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What Was the Tulsa Race Massacre of 1921? (What Was?)

What Was the Tulsa Race Massacre of 1921? (What Was?)

Current price: $7.99
Publication Date: April 25th, 2023
Penguin Workshop
Charter Books
On hand, as of Apr 16 1:52am
(Children - Elementary)
On Our Shelves Now


Learn how envy and racism led to the tragic destruction of the thriving Black community in Tulsa, Oklahoma, in this thought-provoking addition to the New York Times bestselling What Was? series!

Before May 31, 1921, the Greenwood District of Tulsa, Oklahoma, was a flourishing neighborhood of 10,000 Black residents. There, Black families found success and community. They ran their own businesses, including barbershops, clothing stores, jewelers, restaurants, movie theatres, and more. There also were Black doctors, dentists, and lawyers to serve the neighborhood. Then, in one weekend, all of this was lost. A racist mob tore through the streets, burning everything to the ground and killing scores of innocent residents. Learn about what led to one of the worst moments of racial violence in America's history in this nonfiction book for young readers.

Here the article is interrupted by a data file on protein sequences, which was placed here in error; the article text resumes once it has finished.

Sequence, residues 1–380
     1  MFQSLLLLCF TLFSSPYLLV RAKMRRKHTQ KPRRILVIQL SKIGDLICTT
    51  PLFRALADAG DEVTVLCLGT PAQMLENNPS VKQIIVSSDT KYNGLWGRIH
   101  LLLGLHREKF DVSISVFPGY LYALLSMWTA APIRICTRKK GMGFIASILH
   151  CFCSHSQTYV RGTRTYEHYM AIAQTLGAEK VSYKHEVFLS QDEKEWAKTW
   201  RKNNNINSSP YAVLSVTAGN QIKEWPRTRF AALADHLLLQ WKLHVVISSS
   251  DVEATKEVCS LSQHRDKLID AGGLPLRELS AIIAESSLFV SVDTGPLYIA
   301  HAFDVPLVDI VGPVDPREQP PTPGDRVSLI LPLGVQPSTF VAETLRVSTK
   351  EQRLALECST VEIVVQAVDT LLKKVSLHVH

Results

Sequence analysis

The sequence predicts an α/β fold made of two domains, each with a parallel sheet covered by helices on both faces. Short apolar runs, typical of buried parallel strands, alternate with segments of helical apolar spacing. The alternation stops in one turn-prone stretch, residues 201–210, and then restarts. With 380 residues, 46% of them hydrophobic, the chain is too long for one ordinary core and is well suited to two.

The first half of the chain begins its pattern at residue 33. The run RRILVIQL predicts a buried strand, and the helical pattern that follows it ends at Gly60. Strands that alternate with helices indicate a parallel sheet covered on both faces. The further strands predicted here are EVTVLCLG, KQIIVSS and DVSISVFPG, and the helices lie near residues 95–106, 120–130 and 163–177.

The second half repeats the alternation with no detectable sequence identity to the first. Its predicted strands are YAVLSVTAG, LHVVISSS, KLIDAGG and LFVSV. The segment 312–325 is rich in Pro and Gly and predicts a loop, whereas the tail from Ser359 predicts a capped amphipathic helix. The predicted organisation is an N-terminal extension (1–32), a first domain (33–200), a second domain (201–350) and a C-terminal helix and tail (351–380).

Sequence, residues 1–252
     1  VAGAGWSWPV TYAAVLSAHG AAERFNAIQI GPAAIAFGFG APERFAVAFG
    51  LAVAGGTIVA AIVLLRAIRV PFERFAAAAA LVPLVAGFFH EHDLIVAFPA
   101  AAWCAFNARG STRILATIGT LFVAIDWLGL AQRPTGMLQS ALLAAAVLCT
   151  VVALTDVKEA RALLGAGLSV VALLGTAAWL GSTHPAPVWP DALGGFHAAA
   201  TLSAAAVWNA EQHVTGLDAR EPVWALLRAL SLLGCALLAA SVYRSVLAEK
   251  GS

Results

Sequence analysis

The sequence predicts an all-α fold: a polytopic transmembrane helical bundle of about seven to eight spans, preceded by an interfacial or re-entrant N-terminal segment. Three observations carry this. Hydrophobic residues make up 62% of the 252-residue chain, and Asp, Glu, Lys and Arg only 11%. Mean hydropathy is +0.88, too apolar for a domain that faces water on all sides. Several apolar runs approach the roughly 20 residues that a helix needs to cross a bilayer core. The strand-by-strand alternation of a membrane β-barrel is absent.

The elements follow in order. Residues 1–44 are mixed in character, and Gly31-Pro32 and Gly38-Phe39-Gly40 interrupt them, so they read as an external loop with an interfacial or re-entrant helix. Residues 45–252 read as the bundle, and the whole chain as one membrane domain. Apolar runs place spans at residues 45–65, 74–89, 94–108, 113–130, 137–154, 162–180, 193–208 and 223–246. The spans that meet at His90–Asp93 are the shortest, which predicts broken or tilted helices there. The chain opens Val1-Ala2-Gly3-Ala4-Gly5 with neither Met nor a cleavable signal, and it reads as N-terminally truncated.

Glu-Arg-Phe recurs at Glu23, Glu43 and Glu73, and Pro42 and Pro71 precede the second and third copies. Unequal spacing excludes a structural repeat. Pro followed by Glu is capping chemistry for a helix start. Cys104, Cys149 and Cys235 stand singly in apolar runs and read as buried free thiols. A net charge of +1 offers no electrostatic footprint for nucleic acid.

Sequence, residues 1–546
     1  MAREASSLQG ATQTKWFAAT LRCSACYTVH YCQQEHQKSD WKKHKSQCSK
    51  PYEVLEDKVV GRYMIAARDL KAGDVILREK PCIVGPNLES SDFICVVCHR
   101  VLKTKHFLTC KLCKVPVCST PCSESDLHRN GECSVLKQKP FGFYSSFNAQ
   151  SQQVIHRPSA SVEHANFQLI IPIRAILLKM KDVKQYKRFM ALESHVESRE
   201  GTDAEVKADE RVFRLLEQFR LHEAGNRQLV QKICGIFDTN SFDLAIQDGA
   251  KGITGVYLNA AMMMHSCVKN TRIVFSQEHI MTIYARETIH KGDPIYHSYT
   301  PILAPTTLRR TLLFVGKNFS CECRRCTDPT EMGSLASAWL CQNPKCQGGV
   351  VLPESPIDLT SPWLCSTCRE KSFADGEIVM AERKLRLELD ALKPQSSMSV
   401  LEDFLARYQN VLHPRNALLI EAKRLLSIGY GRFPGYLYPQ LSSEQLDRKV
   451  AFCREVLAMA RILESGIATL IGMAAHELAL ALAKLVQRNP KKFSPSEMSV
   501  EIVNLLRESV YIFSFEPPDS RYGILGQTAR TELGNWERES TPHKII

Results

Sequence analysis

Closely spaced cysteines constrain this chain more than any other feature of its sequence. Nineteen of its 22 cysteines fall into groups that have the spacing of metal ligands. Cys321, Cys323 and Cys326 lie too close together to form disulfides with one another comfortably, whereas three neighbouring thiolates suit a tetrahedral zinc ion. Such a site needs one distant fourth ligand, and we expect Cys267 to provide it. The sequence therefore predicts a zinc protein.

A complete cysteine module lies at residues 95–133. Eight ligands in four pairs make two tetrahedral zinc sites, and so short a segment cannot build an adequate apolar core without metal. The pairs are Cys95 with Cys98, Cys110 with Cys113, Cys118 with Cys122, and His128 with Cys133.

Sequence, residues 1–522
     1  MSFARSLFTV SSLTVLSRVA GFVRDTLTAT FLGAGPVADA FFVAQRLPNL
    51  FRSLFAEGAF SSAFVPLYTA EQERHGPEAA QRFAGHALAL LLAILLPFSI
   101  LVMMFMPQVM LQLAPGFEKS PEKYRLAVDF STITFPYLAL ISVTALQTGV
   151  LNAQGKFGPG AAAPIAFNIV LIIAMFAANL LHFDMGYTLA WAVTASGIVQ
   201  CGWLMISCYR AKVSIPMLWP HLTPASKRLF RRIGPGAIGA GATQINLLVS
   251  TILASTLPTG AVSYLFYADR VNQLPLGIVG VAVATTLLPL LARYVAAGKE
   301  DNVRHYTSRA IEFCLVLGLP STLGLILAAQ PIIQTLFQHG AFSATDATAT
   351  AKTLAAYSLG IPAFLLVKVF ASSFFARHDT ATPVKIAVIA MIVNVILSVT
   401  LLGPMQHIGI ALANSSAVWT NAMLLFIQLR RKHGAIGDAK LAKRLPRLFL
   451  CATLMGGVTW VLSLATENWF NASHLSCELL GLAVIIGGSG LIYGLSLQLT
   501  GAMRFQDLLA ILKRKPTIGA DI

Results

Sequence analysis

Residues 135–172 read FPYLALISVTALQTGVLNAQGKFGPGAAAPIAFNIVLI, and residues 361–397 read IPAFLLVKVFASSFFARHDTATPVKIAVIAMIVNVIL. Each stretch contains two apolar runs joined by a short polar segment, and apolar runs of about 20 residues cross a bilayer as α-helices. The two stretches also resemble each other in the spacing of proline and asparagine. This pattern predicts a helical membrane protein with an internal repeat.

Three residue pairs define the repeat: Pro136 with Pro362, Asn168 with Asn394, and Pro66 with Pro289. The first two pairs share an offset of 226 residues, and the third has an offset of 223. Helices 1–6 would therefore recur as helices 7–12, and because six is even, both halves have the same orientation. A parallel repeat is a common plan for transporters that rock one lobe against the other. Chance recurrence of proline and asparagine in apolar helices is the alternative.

About the Author

Caleb Gayle is an award-winning journalist and historian who writes about race and identity. His writing has appeared in The New York Times Magazine, The Atlantic, The Guardian, Guernica, and other publications. He has an adult trade book with Riverhead called We Refuse To Forget: A True Story of Black Creeks, American Identity, and Power that was published in 2022.

Tim Foley is a freelance illustrator whose work has been featured in several Who HQ titles including What Is the AIDS Crisis?, What Was the Harlem Renaissance?, Where Is Hollywood?, and Who Was Edgar Allan Poe? He currently lives and works in Grand Rapids, Michigan, with his wife and his pet dog and cat.

Praise for What Was the Tulsa Race Massacre of 1921? (What Was?)

Praise for What Was the Tulsa Race Massacre of 1921? by Caleb Gayle

"A comprehensive accountof this important historic atrocity, this accessible volume is not to be missed."—School Library Journal